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The Anatomy of a Kidney

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The Anatomy of a Kidney

The Structure of the Kidney

The kidneys are reddish-brown, bean-shaped organs situated retroperitoneal on the posterior abdominal wall. They extend from lumbar vertebra T12-L3. Normally the kidney is about the size of a mouse and measures approximately 11-12 cm in length, 5-6 cm in width and 2.5-3 cm in thickness.

The kidneys have a superior and inferior pole, medial and lateral margins, and an anterior and posterior surface. The superior pole of each kidney is deep to the rib cage. For the right kidney, its superior pole is at the 12th rib and for the left the superior pole is at ribs 11 and 12.

Anatomy of Kidney

Anatomy of Kidney

On the medial margin of the kidney is concave region called the renal hilus. The renal hilum is the entrance to the renal sinus. Structures such as the renal veins, artery, nerves and lymphatic vessels are located in the renal hilum.

The renal sinus is a fat-filled cavity inside the kidney that extends from the hilum. At the hilum the ureters also exit the kidney. The kidney is covered by a fibrous renal capsule. Each kidney is completely surrounded by perirenal fat which extends in the renal pelvis.

Around the perirenal fat, is a layer of renal fascia called the Gerota’s fascia. The Gerota’s fascia has an anterior and posterior layer. The anterior layer continues medially and fuses with the adventitia of the aorta and the inferior vena cava (IVC). The posterior layer fuses with the psoas major fascia.

If one should take a knife and cut the kidney in halves from the superior pole to the inferior pole, you would find two distinct internal regions of the kidney, the cortex and the medulla. The cortex is the superficial outer layer of the kidney located underneath the capsule. The medulla is the inner layer and it extends from the renal cortex to the renal sinus. The medulla is divided into various cone-shaped structures called the renal pyramids. The renal pyramids extend from the cortex to the renal papilla. These papillae extend into a space called the renal pelvis.

Renal pelvis is a funnel-shaped structure that is continuous with the ureter. The renal pelvis is divided into calyces. Each pelvis receives about 2 major calyces, which in turn receive minor calyx, which in turn collect urine from the papilla.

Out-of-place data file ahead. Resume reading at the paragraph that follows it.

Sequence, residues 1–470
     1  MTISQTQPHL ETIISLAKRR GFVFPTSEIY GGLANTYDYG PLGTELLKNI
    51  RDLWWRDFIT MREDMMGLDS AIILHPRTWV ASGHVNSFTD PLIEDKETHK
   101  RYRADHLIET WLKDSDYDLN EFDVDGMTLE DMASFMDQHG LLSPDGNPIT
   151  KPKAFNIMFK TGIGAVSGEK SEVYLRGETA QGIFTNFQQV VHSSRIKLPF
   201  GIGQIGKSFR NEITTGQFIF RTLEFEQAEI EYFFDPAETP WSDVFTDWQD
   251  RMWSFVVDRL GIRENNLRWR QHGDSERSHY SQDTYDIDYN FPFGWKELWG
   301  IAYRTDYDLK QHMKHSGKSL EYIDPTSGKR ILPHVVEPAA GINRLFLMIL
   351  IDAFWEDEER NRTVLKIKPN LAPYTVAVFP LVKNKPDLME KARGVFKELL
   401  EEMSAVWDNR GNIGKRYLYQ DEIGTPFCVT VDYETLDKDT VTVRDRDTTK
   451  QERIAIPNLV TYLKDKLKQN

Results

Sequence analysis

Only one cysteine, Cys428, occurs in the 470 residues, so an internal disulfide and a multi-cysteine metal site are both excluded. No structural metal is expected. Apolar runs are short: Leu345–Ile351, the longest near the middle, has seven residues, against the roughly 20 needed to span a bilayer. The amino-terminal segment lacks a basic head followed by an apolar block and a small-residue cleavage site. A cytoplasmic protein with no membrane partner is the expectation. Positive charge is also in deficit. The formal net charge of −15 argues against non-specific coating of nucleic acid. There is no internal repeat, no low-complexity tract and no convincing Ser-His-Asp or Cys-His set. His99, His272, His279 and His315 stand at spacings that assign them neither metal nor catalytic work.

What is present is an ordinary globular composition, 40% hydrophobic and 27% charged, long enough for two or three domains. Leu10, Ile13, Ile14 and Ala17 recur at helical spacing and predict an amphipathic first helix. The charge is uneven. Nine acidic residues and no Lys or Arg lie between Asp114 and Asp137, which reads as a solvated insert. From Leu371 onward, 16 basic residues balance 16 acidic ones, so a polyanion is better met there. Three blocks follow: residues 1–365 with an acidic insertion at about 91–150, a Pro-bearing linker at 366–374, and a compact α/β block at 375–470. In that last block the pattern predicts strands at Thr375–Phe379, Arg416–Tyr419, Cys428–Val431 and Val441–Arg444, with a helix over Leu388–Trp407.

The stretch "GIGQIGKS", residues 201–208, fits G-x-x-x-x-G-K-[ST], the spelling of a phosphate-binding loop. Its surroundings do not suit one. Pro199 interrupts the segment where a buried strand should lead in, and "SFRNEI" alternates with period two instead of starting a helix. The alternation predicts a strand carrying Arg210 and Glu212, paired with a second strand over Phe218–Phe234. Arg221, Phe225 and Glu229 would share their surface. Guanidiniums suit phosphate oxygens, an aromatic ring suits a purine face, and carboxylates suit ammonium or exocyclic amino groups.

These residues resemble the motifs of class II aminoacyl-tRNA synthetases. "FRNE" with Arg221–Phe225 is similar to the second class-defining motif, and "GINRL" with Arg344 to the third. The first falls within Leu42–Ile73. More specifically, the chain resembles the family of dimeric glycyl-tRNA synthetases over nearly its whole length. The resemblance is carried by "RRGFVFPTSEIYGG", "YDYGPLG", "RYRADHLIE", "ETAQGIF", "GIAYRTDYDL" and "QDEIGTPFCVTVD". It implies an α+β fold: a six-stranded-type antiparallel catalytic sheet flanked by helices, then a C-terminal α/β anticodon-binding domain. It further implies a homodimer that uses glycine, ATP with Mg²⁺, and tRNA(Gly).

Due to the location of the kidney, it comes into contact with various structures in the body.

Posteriorly, the kidneys are related to the diaphragm, quadrates lumborum muscle, transversus abdominis muscle, 11th and 12th rib (left kidney), 12th rib (right kidney), costodiaphragmatic recess, subcostal, iliohypogastric and ilioinguinal nerves. Anteriorly, the right kidney is in relation to the right suprarenal gland, liver, descending portion of the duodenum, and the right colic flexure. Anteriorly, the left kidney is related to the stomach, spleen, pancreas, jejunum and left colic flexure.

The Blood Supply To The Kidney

Each kidney receives its blood from the renal artery. The renal artery is a direct branch of the abdominal aorta at L1-L2. The renal artery enters through the hilum and branches into segmental arteries. Segmental arteries then divide into interlobar arteries which penetrate the renal pyramids. Upon penetrating the pyramids the interlobar arteries divides into arcuate arteries. Each arcuate artery gives rise to interlolular artery that enters the cortex and branch intro afferent arterioles. These afferent arterioles supply the nephron. Inside the nephrons, the afferent arterioles leads to a network of capillaries called the glomerulus.

Blood then leaves the glomerulus through the efferent arterioles and back to the renal vein and empties into the IVC . Renal veins lies anterior to renal arteries. The left renal vein is longer than the right and it passes between the aorta and the superior mesenteric artery.

About The Author

Leslie Samuel

Leslie Samuel is the creator of Interactive Biology. His mission is to use this site to Make Biology fun for people all over the world.

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